Do you require your clients to sign a contract before doing the actual shoot? There’s a bit of contention on this subject. Some photographers believe that this is an unnecessary step in the sales process. They feel that it would be a pain point when trying to convince prospects to sign a contract or to amend it for each individual client. Or, some clients may simply get intimidated at the thought of signing a formal contract and choose to go with someone else who is “easier to work with.”
Others however, believe that a contract is necessary. How do you ensure that the client will pay you? What about ownership rights to the photos? What is the number of photos that you are willing to shoot? How far are you willing to drive for a shoot before you get paid a travel fee? A formal contract helps you clearly address these concerns with each one of your clients.
For us, it all depends on your relationship with your client. Have you successfully dealt with them before? Are they a repeat client? Do they pay on time, every time? Do you trust them? If so, then a contract may be unnecessary.
When working with a new client for the first time however, we recommend you start with a contract. This will enforce mutual agreements between both parties regarding payments, terms, turnaround times, limitations of the service, travel, and more.
Learn all about real estate photography contracts in our in-depth guide. Contracts are also recommended for the following scenarios:
Taking photos of restaurants, shops, hotels, and other commercial establishments, usually entails a higher service fee, which is attached to a higher quality of work. A contract is recommended because businesses often use the document as part of the requirement to process your payment.
In your contract, always include the expected date of payment, the expected date of photo delivery, and the rights that the client has regarding the usage of the images.
Property builders, interior decorators, and RE contractors may ask you to shoot photos to be included in their portfolio. Remember they will be using those photos to market their business, so you need to specifically indicate the scope of usage of your photos. This is especially true if your client intends to submit your photos to journals, websites, magazines, etc. You don’t want your photos used in publications without being paid for your work.
A client may be so impressed with your work that he wants to make you his exclusive photographer for his listings. Be sure to have them sign a contract for exclusivity. What’s the duration of the exclusivity? What is exactly being covered? How many projects should he provide you so you will remain exclusive to the client? What happens if the there is no work provided by the client? The more details about the conditions, the better.
During your initial meeting, you may feel that this potential client has a... ”personality”... that may cause complications along the way. But you’re still willing to grab this deal because, well, you want the work! If this is the case, we recommend having the prospect sign a contract. Make sure you state the parameters clearly to avoid confusion.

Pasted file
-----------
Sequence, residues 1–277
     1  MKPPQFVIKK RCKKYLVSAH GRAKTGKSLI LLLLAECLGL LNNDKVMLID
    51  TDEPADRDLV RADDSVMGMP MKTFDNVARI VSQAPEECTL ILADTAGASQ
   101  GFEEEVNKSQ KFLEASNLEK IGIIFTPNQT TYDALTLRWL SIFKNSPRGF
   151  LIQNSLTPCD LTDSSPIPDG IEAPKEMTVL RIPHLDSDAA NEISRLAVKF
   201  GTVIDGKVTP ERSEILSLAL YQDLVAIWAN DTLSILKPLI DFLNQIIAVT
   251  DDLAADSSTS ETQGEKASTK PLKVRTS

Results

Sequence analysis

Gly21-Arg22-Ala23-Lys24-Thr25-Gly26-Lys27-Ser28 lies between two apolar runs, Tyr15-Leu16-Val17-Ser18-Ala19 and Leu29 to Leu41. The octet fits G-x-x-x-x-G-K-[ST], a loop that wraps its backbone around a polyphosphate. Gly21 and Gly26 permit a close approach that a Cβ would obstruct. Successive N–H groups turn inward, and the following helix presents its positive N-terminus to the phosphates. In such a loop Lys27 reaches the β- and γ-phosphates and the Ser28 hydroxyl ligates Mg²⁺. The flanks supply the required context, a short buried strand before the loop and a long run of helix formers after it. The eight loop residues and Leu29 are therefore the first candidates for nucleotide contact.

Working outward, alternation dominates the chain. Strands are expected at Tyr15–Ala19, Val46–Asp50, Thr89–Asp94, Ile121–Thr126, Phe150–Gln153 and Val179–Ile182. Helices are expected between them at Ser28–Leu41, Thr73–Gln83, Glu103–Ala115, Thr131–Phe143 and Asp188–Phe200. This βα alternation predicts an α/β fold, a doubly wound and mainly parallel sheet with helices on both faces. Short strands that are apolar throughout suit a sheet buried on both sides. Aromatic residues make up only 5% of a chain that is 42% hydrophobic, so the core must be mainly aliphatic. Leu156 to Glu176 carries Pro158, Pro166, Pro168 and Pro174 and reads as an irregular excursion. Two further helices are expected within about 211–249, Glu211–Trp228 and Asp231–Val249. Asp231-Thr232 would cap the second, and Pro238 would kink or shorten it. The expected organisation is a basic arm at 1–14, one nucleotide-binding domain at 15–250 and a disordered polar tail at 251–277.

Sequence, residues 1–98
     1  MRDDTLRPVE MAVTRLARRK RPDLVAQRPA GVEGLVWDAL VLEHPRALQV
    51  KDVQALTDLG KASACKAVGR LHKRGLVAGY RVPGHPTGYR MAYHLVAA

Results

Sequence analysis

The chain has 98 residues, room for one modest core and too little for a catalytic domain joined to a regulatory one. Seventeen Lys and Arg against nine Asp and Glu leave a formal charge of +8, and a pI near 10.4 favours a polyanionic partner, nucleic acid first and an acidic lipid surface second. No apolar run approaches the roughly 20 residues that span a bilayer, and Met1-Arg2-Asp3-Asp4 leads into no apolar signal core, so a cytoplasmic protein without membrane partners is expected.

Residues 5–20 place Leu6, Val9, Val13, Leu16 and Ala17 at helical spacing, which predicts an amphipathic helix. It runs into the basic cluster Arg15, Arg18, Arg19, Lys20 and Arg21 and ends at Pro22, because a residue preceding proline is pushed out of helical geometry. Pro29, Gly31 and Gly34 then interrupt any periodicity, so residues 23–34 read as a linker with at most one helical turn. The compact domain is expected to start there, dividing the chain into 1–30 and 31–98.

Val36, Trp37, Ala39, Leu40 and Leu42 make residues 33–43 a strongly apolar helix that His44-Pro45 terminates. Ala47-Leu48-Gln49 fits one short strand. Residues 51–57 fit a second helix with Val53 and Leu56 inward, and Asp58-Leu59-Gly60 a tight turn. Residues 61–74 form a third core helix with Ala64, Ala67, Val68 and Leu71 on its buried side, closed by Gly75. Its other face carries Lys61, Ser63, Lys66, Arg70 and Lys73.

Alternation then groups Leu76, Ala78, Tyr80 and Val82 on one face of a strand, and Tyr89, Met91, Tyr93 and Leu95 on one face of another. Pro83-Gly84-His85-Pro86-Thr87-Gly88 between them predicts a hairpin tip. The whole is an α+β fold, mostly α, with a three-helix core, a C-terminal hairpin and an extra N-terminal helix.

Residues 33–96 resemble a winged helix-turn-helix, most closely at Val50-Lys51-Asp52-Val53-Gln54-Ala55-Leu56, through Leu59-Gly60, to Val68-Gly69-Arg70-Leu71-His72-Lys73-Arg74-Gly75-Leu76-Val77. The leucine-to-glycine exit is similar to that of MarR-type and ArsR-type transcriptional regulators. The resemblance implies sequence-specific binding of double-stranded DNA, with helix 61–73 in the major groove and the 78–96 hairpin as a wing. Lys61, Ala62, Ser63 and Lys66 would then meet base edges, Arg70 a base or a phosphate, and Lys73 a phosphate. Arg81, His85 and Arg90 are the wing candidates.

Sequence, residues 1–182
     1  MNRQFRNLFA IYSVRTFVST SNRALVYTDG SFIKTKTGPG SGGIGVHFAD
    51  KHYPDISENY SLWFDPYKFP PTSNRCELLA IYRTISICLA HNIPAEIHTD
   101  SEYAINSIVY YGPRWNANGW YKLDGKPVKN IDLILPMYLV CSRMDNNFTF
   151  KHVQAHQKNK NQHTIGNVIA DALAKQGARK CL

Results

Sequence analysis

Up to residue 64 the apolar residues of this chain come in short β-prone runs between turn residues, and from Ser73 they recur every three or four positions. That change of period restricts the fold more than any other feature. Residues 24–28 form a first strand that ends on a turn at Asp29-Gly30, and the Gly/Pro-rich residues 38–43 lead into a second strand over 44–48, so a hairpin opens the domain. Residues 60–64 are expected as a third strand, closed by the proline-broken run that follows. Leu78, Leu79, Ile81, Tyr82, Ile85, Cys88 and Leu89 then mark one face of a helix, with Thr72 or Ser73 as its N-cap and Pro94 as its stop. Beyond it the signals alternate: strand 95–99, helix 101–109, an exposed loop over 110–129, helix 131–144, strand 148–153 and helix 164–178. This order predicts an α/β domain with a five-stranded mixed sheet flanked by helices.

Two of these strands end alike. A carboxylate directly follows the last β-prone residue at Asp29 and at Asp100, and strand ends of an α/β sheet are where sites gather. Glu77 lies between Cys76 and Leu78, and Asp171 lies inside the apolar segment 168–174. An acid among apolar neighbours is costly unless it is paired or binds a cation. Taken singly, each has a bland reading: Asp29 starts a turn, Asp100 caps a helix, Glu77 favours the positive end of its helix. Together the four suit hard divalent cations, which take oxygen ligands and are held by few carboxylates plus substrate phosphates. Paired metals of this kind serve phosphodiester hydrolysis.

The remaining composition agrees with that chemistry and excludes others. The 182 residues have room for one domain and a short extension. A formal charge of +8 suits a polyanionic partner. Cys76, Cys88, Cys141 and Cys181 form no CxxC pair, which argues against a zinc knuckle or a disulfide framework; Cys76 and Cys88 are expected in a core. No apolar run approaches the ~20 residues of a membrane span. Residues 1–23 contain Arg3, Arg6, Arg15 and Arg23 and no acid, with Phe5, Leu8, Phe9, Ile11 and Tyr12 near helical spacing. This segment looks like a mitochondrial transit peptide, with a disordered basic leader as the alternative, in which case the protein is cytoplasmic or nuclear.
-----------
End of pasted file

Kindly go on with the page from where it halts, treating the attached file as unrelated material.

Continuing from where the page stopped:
At times, you may not need a contract--especially if you are servicing repeat clients. But in some situations, contracts can be lifesavers. Signing legal agreements can be intimidating and your prospects may be hesitant to sign. Explain to them that doing so is for the formality of the deal. Encourage them that by signing the contract, both parties will make sure they get what they want.
Since meeting Rachel at the inaugural PFRE Conference in Las Vegas in November, we have been working with her to develop a contract template that real estate photographers can use to overcome some of the issues we face on a daily basis. During her lecture at the conference, Rachel stressed the importance of not only registering your images to protect yourself but also the importance of having a proper contract and terms, so you don’t run into legal issues.
We also consulted numerous real estate photographers in different locations with different business models to make sure we cover everything we could. The result of our efforts is finally available for purchase.
The contract template includes the following provisions:
• Booking and payment
• Property preparation, pets, requests
• Cancellation, reschedule, late arrival
• Completion & delivery
• Property & travel
• Independent contractor
• Photographic materials & artistic rights
• Commercial license terms
• Safe working environment
The contract is available in a word document, allowing you to adjust the terms specifically for your business and jurisdiction. Also, for a limited time, this contract includes a complimentary Waiver and Release Document which is an optional document you can have the homeowner sign to further protect you.
For more information, please CLICK HERE.
PFRE does NOT receive any commission or referral fees if you purchase this product. Shooting Spaces and PFRE are online educational resource platforms for real estate photographers. Shooting Spaces or PFRE are not a law firm; therefore, should you purchase this product, it should not be used as a substitute for the advice of an attorney. Shooting Spaces and PFRE encourage you to seek the advice of an attorney for any legal or contract questions.